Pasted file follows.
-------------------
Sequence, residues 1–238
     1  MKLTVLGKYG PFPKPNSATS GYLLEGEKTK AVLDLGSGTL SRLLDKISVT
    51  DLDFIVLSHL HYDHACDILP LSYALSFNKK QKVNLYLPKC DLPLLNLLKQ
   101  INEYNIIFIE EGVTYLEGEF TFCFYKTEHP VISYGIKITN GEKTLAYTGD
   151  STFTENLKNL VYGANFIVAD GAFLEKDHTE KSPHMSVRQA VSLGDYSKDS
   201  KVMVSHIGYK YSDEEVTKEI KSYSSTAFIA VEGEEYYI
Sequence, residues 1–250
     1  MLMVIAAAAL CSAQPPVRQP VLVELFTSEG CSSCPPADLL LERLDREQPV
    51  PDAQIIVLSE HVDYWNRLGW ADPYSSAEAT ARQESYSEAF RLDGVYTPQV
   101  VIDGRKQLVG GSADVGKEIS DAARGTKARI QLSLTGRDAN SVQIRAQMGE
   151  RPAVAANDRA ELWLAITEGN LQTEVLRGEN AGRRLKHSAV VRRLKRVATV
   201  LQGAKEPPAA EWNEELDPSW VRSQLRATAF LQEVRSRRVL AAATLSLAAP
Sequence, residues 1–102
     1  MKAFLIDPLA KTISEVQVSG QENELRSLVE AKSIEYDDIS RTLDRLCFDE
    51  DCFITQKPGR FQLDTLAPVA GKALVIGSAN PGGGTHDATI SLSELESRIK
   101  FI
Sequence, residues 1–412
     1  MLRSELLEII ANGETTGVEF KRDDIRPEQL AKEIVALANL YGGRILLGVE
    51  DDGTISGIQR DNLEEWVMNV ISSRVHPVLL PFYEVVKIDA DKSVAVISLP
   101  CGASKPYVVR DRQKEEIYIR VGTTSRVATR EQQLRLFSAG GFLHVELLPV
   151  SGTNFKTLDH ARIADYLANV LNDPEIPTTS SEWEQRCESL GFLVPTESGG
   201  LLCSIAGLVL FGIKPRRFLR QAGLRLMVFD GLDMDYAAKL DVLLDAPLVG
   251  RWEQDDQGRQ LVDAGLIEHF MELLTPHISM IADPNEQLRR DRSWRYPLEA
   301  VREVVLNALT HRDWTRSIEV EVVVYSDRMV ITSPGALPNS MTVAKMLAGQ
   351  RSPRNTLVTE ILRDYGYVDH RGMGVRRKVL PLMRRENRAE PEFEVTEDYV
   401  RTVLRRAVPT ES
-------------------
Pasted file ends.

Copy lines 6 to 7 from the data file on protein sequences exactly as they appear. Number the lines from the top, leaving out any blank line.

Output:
   201  KVMVSHIGYK YSDEEVTKEI KSYSSTAFIA VEGEEYYI
Sequence, residues 1–250